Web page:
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Unemployment Tax Refunds Are Being Sent to People Who Overpaid Their Taxes

Unemployment Tax Refunds Are Being Sent to People Who Overpaid Their Taxes

IRS Prepares to Send 4 Million Refunds for Unemployment Compensation Overpayments

The IRS announced that it will be issuing another round of income tax refunds to nearly 4 million taxpayers who overpaid their federal taxes on unemployment benefits (both regular and federal extended benefits) received last year. This has been happening because of the new tax exclusion for unemployment benefits, which was introduced by the American Rescue Plan Act of 2021 in March.

This article provides information about unemployment tax refunds, as well as the new tax exclusion for unemployment compensation, and how the changes will affect the latest tax season based on recent IRS news releases.

Unemployment Tax Refunds

According to the IRS, tax refunds by Direct Deposit will begin July 14 and refunds by paper check will begin July 16. Note that the IRS previously issued refunds related to the unemployment payments exclusion in May and June, and it will continue to issue refunds throughout the summer. The IRS is prioritizing recalculating impacted tax returns from single taxpayers with simple, individual returns over those with more complex returns, and delays are to be expected.

To ease the burden on taxpayers, the IRS has been reviewing Forms 1040 and1040-SR that were filed prior to the law’s enactment to identify those people who are due an adjustment. For taxpayers who overpaid, the IRS will either refund the overpayment, apply it to other outstanding taxes, or other state federal taxes owed.

For this round of reviews, the IRS has identified approximately 4.6 million eligible taxpayers who may be due an adjustment. Of that number, approximately 4 million taxpayers are expected to receive a tax refund. The refund average is $1,265, which means that some people will receive more and some will receive less.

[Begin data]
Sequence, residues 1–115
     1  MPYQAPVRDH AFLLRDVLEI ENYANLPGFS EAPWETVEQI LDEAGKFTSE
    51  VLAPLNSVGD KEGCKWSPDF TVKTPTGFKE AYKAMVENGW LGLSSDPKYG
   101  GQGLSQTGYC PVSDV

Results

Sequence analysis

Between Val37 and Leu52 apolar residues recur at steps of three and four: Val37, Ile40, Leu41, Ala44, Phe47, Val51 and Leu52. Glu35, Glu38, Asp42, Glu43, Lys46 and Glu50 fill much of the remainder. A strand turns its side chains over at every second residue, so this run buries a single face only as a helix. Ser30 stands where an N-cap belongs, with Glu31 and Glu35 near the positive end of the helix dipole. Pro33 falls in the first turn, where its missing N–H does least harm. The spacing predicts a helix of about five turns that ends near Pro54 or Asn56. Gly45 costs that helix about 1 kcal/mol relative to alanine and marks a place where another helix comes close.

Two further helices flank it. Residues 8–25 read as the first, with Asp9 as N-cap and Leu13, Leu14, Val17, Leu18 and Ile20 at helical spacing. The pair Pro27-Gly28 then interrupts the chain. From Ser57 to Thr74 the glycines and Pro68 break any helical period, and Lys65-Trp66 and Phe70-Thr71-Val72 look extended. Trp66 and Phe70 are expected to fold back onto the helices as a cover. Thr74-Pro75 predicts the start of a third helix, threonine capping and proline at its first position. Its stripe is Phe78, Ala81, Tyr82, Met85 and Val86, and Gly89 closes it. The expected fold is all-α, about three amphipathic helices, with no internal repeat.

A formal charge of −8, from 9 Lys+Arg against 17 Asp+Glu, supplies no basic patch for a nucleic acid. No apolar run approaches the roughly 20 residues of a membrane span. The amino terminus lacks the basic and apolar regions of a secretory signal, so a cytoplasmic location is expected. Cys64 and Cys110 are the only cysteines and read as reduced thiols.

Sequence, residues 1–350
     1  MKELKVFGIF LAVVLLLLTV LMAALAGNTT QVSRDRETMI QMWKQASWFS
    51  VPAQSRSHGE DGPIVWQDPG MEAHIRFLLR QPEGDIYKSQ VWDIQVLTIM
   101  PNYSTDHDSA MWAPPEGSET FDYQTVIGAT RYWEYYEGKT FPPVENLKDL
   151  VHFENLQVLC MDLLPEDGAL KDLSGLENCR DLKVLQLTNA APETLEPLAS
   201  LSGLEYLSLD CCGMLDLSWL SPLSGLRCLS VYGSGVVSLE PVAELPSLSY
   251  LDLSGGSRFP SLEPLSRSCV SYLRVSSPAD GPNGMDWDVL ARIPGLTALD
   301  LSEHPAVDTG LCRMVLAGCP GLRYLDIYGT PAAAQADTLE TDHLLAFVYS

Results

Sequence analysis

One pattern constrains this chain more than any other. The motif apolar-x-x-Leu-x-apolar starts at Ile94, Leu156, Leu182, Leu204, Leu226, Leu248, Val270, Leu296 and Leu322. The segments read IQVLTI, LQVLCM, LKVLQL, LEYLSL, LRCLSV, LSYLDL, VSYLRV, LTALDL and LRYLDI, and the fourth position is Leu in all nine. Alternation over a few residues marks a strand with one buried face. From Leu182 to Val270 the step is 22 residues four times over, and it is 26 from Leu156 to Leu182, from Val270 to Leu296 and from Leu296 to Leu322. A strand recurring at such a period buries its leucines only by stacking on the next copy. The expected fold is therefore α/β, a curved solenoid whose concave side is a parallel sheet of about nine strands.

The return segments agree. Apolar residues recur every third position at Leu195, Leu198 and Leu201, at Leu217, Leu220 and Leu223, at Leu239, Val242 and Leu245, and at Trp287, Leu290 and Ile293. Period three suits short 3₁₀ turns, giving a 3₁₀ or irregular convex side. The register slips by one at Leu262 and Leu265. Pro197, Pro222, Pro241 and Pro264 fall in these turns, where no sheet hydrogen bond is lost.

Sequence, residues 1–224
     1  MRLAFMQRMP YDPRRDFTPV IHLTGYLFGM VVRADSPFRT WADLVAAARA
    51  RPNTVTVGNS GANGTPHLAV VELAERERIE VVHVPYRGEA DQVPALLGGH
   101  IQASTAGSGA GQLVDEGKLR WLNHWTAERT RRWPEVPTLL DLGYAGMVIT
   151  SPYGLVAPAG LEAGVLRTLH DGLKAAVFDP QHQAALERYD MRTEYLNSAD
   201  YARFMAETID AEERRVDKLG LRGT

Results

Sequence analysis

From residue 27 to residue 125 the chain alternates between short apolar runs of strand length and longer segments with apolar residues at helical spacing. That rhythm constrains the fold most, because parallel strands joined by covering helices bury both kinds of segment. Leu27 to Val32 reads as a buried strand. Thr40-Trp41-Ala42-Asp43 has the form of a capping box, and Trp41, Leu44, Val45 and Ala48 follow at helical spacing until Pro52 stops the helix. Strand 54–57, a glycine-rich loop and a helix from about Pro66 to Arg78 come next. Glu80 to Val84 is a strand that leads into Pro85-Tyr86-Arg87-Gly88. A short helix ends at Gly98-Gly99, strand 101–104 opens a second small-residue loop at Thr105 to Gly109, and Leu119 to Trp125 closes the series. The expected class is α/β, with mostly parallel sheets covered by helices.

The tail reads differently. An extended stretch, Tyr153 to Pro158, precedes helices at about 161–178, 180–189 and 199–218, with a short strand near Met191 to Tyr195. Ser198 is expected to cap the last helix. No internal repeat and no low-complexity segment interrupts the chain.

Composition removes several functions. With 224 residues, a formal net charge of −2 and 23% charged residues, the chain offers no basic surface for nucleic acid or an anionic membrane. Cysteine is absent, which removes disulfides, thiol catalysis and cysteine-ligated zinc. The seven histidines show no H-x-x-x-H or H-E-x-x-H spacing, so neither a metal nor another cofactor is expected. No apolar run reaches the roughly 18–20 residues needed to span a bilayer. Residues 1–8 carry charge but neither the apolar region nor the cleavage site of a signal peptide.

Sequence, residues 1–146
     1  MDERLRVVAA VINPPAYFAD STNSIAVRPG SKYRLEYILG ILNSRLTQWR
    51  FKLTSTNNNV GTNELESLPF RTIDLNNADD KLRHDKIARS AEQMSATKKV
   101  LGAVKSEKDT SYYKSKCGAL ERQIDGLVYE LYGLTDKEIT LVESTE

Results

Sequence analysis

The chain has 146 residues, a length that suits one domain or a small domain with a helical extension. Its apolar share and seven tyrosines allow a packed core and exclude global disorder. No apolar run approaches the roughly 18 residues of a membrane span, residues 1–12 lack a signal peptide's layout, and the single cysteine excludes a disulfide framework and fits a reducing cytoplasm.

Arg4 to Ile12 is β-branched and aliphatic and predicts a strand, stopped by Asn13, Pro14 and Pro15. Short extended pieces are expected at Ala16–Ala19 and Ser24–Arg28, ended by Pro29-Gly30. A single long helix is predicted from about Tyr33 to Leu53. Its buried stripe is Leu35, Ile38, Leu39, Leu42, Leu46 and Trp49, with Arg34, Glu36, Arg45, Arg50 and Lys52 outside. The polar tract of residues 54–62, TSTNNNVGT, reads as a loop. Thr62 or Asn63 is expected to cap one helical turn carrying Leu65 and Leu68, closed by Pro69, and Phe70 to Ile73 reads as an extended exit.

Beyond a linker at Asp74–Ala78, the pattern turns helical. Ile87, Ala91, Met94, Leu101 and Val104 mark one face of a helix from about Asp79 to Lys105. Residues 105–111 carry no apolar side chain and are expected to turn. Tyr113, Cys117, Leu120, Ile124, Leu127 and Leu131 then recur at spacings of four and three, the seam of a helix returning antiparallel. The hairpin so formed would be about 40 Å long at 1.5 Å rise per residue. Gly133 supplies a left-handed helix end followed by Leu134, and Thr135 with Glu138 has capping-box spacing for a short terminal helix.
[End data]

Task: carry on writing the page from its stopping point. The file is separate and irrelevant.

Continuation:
In general, taxpayers will receive letters from the IRS within 30 days of the adjustment to inform them of what kind of adjustment was made (such as a refund, offset to pay any unpaid debts including state unemployment compensation debts, or payment offset for other authorized debts) and the amount of the adjustment.

RELATED: How Does the American Rescue Plan Act (ARPA) Affect Your Taxes?

New Tax Exemption for Unemployment Compensation

The American Rescue Plan Act (ARPA) was signed into law by President Biden on March 11, 2021. This bill was designed to help the millions of Americans who continue to struggle to find work due to COVID-19 and it makes a lot of changes to pandemic-related federal unemployment insurance benefits.

The American Rescue Plan Act includes a new tax break on unemployment insurance benefits that were received during 2020. Typically, unemployment insurance benefits are reported on a separate form called the 1099-G Form sent out by your state unemployment office to inform you of any received unemployment insurance benefits that may need to be reported on your federal income tax form. Unemployment insurance benefits usually are considered taxable – but the ARPA provision allows taxpayers to exclude the unemployment compensation they received in 2020, up to a certain limit.

The exclusion allows up to $10,200 of 2020 unemployment compensation to be excluded from taxable income calculations. That means the first $10,200 of unemployment compensation you received in 2020 on your 1099-G Form will not be subject to federal income taxes and you won’t need to make tax payments. The exclusion applies to individuals of any filing status, including married individuals filed jointly whose modified adjusted gross income (MAGI) was less than $150,000 in 2020.